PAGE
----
While the majority of hair-related research has examined how best to grow new hair, the latest discovery focuses attention on how to stop existing hair from falling out.
A team at the Black Family Stem Cell Institute at the Icahn School of Medicine at Mount Sinai, in New York City, recently published the study, “Dermal sheath contraction powers stem cell niche relocation during hair cycle regression,” in the journal Science. Lead researcher Dr. Michael Rendl says the team zoomed in on the role played in the life cycle of a human hair follicle by the dermal sheath, the muscle that surrounds each follicle.
We’ve known for many years that dermal papilla cells are central in the creation of each new hair shaft. We previously posted the story, “Don’t Bank on Hair Follicle Banking,” about on one company’s efforts to isolate dermal papilla cells and then clone those cells. These specialized cells reside in the dermal papillae of the hair follicle and regulate hair follicle development and growth.
Rendl’s team observed that dermal papilla cells begin at the base of growing hair follicles, and slowly move up toward stem cells that are found at the follicle’s tip. In a news release from Mount Sinai, Rendl’s team explained that as the dermal papilla cells move up, they send signals to the stem cells “to start the next growth phase and make a new hair shaft, while the previous hair shaft is shed.”
If you aren’t already familiar with the three phases of hair growth, here is a quick overview:
- The anlagen phase is the active growth phase. It can last up to seven years!
- The catagen phase is a transition period when hair stops growing. It usually lasts two to four months.
- The telogen phase is a resting period. The old hair falls out and the process of creating a new hair begins. It usually takes three to four months.
What Rendl’s research team examined was what happened during the telogen phase and why new hair sometimes did not grow.
They found that there can be an interruption in the signaling, which causes the growth cycle to get out of whack. It might start with just a few hair follicles not receiving the signal, but over time it can lead to hundreds and then thousands of hair follicles naturally reaching the telogen phase but never being replaced by new hair.
Observing the growth cycle in mice in the lab, Rendl’s team successfully advanced our understanding of how this occurs at a microscopic level. They determined that the dermal sheath surrounding growing hair follicles is a smooth muscle. When it contracts it pushes up the hair shaft and pulls up the dermal papilla cells toward the stem cells.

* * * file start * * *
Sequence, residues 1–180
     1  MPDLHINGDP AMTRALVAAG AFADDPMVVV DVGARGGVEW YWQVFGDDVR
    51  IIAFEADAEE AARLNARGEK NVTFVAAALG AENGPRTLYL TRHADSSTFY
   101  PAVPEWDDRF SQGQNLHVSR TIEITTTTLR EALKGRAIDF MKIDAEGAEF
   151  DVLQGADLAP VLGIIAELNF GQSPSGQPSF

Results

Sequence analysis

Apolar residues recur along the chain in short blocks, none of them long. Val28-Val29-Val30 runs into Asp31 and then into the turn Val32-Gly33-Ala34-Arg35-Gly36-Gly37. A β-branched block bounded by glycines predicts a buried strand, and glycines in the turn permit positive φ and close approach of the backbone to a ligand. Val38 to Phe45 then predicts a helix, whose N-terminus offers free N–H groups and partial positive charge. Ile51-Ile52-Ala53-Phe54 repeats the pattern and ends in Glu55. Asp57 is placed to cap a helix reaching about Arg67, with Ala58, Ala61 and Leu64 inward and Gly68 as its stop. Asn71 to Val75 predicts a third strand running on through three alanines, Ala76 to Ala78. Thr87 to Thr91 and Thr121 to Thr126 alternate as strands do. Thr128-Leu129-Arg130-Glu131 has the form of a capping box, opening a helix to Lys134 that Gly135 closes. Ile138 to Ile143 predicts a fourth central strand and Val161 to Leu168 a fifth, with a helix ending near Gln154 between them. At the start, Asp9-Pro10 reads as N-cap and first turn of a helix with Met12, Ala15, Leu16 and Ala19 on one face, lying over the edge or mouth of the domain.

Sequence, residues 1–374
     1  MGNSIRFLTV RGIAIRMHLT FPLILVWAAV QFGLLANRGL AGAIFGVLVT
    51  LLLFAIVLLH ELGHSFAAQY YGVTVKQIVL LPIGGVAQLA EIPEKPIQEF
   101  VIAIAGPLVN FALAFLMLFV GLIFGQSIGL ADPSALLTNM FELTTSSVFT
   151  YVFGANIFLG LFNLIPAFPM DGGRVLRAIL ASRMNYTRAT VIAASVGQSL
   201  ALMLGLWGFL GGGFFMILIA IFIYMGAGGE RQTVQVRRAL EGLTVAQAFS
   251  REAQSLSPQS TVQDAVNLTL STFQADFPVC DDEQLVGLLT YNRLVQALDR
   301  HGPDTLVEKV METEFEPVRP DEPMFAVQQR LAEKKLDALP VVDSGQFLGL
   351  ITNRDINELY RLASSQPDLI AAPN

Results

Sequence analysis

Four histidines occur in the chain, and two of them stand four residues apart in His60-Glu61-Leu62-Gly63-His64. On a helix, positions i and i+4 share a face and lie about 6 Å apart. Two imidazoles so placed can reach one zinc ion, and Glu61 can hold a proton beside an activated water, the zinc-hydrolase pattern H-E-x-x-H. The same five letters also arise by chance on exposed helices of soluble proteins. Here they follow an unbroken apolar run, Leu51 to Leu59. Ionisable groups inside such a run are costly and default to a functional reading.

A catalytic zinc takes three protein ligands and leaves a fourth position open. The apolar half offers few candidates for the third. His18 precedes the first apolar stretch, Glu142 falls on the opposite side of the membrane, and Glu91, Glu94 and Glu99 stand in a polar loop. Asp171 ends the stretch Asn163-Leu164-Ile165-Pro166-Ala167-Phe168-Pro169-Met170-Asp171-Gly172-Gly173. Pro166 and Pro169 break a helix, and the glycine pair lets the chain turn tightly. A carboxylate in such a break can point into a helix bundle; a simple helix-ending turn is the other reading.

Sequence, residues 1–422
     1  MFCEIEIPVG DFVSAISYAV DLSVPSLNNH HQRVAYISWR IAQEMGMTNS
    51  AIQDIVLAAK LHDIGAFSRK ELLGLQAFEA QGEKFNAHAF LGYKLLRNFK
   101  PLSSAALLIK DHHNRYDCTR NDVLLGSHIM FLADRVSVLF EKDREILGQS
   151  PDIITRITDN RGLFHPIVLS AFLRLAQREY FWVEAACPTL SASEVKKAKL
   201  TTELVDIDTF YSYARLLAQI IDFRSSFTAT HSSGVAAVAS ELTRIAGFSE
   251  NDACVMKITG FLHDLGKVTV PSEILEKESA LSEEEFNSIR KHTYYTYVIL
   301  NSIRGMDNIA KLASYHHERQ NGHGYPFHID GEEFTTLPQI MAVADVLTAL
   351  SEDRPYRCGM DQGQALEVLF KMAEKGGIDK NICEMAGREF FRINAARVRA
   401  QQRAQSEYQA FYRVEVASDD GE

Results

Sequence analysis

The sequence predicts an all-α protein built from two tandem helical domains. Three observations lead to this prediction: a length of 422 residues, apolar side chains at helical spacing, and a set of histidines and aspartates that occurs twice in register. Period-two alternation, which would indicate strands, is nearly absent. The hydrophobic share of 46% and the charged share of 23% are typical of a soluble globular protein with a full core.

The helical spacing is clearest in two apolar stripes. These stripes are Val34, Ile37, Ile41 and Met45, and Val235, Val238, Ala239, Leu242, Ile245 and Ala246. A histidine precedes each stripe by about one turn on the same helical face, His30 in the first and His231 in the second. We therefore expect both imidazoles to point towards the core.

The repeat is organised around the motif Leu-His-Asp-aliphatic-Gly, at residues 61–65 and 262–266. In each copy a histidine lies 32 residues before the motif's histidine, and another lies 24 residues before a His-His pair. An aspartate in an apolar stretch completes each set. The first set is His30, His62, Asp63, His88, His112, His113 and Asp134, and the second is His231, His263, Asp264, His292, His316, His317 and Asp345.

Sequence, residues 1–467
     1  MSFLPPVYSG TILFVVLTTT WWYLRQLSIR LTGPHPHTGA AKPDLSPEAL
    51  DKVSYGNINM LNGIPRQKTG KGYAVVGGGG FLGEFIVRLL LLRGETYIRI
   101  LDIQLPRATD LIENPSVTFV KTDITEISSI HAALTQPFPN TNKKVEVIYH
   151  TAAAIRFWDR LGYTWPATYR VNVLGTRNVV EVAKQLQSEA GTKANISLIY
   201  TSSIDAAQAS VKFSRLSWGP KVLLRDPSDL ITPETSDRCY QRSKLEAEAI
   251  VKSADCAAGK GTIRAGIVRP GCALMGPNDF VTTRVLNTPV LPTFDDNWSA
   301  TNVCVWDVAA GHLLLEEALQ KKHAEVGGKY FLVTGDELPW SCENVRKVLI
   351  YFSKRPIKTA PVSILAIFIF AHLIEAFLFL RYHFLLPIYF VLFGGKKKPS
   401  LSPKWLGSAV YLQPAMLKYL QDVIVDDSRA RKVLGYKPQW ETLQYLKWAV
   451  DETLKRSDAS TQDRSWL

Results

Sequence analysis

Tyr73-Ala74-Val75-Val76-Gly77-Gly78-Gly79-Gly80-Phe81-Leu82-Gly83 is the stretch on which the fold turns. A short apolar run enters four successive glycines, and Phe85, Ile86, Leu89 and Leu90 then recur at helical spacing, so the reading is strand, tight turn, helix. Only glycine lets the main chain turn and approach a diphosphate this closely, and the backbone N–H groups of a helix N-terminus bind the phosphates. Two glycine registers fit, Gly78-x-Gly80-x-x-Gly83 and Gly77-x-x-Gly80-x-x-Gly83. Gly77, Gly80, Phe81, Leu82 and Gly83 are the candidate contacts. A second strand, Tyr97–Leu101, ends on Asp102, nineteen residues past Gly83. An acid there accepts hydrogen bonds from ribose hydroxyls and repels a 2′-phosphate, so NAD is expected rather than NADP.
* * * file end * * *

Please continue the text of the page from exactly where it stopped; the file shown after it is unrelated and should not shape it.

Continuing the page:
They extended what they learned with experiments involving human hair and believe that our hair follicles behave in a similar way. The dermal sheath contracts to push up the hair shaft and pull up the dermal papilla cells. Years later, the sheath muscle contracts again, the existing hair falls out and the process begins all over again.
This is the first time that dermal sheath contraction has been highlighted as a key player in both hair growth and hair “destruction,” and Rendl believes this realization may point the way toward new ways of preventing hair loss. Basically, if we can stop the dermal sheath from contracting, the existing hair presumably would remain.
“Blocking contraction and arresting the destruction phase of the cycle has the potential to retain the existing hair shaft that is otherwise lost when a new hair shaft is produced,” Rendl said. “This type of muscle cannot be controlled voluntarily…but we can control it by drugs that can block contraction.”
Not everyone is super excited about this prospect. Among the reader comments of the story, “Blocking the contraction of the “dermal sheath” could halt hair loss,” by New Atlas was this quip from “paul314”:
“So instead of old hairs going away, they’d hang out on your scalp forever, getting more frayed and bleached and generally grungy over the months and years? Great idea.”
Our recommendation to paul314 and everyone else is to not jump to conclusions. At least some of the hairs on your head have been there for many years already and, assuming you care for it and don’t mistreat it, nobody can tell the difference between your old hairs and your newer hair. It all just looks like hair! Visit Hairguard.com for more information on hair loss.
If someday we are able to stop shedding and prevent hair loss completely, that would be very exciting. We at Arocha Hair Restoration congratulate Dr. Rendl and his team and wish them good luck as they continue this important research.